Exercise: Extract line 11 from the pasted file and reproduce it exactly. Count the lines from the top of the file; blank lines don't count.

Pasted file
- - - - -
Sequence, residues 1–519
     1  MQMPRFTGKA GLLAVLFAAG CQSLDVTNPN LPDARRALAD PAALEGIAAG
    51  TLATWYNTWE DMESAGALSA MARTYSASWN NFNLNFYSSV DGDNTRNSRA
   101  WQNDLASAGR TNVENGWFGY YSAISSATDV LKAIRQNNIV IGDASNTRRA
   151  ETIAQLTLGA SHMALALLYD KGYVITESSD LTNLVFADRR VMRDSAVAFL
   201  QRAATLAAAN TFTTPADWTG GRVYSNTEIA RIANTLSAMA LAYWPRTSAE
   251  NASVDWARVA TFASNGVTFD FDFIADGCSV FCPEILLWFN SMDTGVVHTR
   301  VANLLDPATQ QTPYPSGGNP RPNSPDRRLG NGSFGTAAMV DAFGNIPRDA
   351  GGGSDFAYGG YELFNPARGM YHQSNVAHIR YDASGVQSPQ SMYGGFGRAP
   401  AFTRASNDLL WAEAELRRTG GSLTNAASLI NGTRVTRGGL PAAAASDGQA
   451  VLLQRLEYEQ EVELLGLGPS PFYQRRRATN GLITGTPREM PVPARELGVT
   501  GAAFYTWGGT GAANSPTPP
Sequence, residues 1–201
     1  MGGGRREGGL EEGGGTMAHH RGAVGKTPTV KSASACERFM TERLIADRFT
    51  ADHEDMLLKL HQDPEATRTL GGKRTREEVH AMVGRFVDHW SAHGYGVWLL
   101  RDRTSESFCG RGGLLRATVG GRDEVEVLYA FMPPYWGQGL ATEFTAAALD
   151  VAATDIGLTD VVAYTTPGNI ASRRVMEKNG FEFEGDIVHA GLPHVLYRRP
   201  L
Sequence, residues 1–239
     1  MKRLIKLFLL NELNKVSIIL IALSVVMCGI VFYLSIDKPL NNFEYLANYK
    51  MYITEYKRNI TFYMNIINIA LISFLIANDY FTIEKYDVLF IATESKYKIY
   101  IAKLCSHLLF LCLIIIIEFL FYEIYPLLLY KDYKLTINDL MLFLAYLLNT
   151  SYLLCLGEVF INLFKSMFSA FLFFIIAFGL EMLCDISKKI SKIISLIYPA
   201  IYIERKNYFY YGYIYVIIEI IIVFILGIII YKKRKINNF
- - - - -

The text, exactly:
   451  VLLQRLEYEQ EVELLGLGPS PFYQRRRATN GLITGTPREM PVPARELGVT